Banished person, Civil Rights Activist, member of the African National Congress (ANC) Youth League, active in the Evaton bus boycotts in 1955 and an accused in the 1956 Treason Trial. Make was also a Pan Africanist Congress (PAC) representative in Cair
Chairman (1979 - 1981)
Vusimuzi Linda Make was born in Boksburg in 1931, the son of a priest, and later moved to Evaton.
When Make was still a student in high school, he joined the ANC Youth League. He was elected as secretary for the Evaton People’s Transport Council, and together with Joe Molefi, the chairman, they organised protests against bus fare increases. These protests took the form of bus boycotts in Evaton and Vereeniging in July 1955, and were organised by the ANC.
In July 1955, the Evaton Passenger Service (Pty) Ltd., a passenger service between Evaton Township, Vereeniging District, Transvaal [now Gauteng] and Johannesburg, Transvaal [Gauteng] increased its bus fares
A bus boycott was organised and the struggle against the bus-fare increase was very successful. An agreement was reached to reverse the fare increase. Even then, many people refused to use the buses because they were incensed at the role played by the bus company in the township.
The boycotts took on a violent nature, as bus owners and the police had organised the Russians (a group of gangsters) to attack the boycotters. The boycotters were therefore forced to defend themselves against the violence, and several lives were lost. However, the Russians were not charged.
In late 1956, when the boycott was still strong, banishment orders were issued for Make, Joseph Molefi and four others. Make was described as a ringleader and an African National Congress (ANC) member who was “violently opposed to the government.” He was reported to have also ”taken a leading part in the boycotting of schools and was one of the leaders primarily responsible for the bus boycott.” It was claimed that while “irresponsible acts” of “brutal assaults, arson, deliberate lawlessness, and murder” inEvaton Township occurred, prosecutions on major charges kept failing because witnesses were murdered, or they disappeared for fear of their lives. The fear was that the various measures to deal with the ”lawlessness” would fail if the ringleaders were not banished.
Make, was banished to “Malonga Flats on the western side of the mountain near Mutale Drift in the district of Sibasa” in the Northern Transvaal [now Tshivhase, Limpopo Province].
Make, and several others, including Mahomed “Bob” Asmal, Abie Nhlapo and Joe Molefi, were charged with treason in the Evaton trial. The leader of the Russian gang, Ralekeke, was used as a Crown witness in the 1956 Treason Trial, and informed the court that the ANC was a violent organisation.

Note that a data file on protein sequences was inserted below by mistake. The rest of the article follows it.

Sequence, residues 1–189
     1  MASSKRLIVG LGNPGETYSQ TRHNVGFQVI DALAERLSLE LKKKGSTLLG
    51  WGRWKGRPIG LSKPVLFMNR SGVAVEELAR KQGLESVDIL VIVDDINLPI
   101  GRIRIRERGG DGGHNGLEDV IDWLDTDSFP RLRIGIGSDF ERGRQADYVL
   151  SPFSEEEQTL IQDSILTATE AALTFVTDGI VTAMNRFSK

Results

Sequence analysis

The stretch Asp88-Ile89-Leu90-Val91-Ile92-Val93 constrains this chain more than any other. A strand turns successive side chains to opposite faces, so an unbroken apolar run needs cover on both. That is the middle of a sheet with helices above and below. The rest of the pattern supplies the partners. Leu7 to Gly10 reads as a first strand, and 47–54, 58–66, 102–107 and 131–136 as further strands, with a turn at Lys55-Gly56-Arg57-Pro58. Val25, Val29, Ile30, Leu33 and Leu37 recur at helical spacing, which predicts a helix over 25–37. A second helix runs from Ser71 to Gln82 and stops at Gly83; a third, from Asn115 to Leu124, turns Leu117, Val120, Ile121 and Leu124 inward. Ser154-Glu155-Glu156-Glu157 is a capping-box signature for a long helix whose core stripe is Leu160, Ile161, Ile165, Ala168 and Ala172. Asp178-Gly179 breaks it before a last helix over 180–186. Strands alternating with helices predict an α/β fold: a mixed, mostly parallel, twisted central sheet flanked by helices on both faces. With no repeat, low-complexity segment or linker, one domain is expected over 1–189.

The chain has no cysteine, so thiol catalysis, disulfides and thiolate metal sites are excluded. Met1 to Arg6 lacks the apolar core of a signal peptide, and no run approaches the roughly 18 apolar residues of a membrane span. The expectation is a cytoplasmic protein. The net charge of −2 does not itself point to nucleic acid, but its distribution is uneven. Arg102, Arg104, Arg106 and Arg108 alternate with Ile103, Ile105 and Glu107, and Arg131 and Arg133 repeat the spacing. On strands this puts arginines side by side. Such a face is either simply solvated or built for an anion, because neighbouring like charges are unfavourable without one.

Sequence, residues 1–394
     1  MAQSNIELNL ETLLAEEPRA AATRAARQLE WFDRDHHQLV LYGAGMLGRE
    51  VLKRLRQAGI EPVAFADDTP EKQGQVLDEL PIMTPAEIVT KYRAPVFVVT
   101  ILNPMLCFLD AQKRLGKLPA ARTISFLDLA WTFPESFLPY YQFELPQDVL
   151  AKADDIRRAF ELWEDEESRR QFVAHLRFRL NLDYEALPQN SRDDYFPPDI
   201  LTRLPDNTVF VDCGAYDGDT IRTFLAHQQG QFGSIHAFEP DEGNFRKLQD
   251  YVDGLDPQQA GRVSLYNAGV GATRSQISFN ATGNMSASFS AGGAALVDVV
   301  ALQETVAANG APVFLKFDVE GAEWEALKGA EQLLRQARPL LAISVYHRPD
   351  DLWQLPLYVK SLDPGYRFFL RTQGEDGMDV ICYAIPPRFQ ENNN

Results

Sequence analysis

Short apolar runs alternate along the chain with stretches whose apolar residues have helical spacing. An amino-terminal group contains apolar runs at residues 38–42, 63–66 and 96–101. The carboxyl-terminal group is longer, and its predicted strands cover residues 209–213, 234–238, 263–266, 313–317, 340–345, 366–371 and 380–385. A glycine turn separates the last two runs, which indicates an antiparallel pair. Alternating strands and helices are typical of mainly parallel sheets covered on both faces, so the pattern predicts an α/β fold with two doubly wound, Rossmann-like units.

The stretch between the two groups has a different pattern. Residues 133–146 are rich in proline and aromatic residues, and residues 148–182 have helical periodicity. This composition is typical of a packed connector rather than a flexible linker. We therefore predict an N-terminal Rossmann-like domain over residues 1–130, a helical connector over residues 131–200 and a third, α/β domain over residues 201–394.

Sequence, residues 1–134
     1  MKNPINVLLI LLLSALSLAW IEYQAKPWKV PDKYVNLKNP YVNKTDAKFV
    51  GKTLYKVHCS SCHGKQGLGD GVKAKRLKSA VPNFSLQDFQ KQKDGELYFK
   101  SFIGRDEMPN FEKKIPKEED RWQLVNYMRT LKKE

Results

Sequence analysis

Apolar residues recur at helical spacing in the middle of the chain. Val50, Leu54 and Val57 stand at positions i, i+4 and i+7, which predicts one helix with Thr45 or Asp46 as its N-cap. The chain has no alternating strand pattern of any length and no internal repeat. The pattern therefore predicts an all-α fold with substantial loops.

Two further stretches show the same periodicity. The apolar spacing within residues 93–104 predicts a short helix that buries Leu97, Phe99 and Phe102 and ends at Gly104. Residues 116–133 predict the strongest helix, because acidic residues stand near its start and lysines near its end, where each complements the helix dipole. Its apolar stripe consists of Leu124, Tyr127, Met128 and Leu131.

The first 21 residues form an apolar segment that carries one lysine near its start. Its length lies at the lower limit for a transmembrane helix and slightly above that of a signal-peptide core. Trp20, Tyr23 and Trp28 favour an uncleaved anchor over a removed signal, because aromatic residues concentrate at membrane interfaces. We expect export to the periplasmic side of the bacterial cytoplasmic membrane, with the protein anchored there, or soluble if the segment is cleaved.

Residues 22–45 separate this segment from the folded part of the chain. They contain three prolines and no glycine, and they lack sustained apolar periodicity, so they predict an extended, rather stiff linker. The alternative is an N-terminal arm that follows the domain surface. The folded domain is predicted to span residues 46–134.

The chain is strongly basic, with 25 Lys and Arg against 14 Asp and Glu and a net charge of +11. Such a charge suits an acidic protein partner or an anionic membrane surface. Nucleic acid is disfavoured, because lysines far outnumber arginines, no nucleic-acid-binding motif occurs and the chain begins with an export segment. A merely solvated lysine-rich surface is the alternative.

On 5 December 1956, Make, Joe Molefi, Solly Nathie and Bob Asmal were re-arrested for treason. Make was the youngest accused in the Treason Trial, along with Nelson Mandela.
During the Treason Trial court adjournment in June 1957, Make, Joe Molefi, Solly Nathie and Bob Asmal appeared in the Supreme Court on reduced charges of public violence. Judge Kuyper found them not guilty, and discharged them.
In January 1958, charges were withdrawn against Make in the Treason Trial, and immediately, on 20 January 1958, he was summonsed to the Native Commissioner’s Office at Evaton.
This summons banished him to the remote area of Sibasa in the Northern Transvaal. However, sometime, in late 1958 he escaped from Sibasa, and undertook a horrendous journey through Africa.
Make then became the Pan Africanist Congress (PAC) representative, and assistant head of the South African United Front (SAUF), in Cairo after the 1960 Sharpeville massacre. As a member of the SAUF delegation (a PAC, SAIC and ANC alliance), Make made a joint statement to the UN in October 1961.
Make was elected Chairman of the PAC in 1978. However, when Nyathi Phokela was released from Robben Island prison, and reunited with PAC leaders in Tanzania in 1980, Make handed over the leadership to him.
Make was married to American writer and poet Maya Angelou from 1960-1963, during his time in Cairo. Make also held the position of lecturer at the University of Liberia in Monrovia, Liberia from 1968 to 1974, and was a member of the American Committee on Africa.
Make’s banishment order was withdrawn on 16 August 1967.
He died at the HF Verwoerd hospital in Pretoria on 15 April 2006 at the age of 75, allegedly due to injuries he sustained in a previous car accident.
• Sapa (2006) “Former PAC leader Vusi Make dies in Pretoria”. Mail and Guardian [online] Available at: mg.co.za [Accessed 17 March 2009]
• Vusumzi Make [online] Available at: wikipedia.org [Accessed 17 March 2009]
• Contribution by Professor S. Badat, Rhodes University, 2012. From the book, Forgotten People - Political Banishment under Apartheid by Professor S. Badat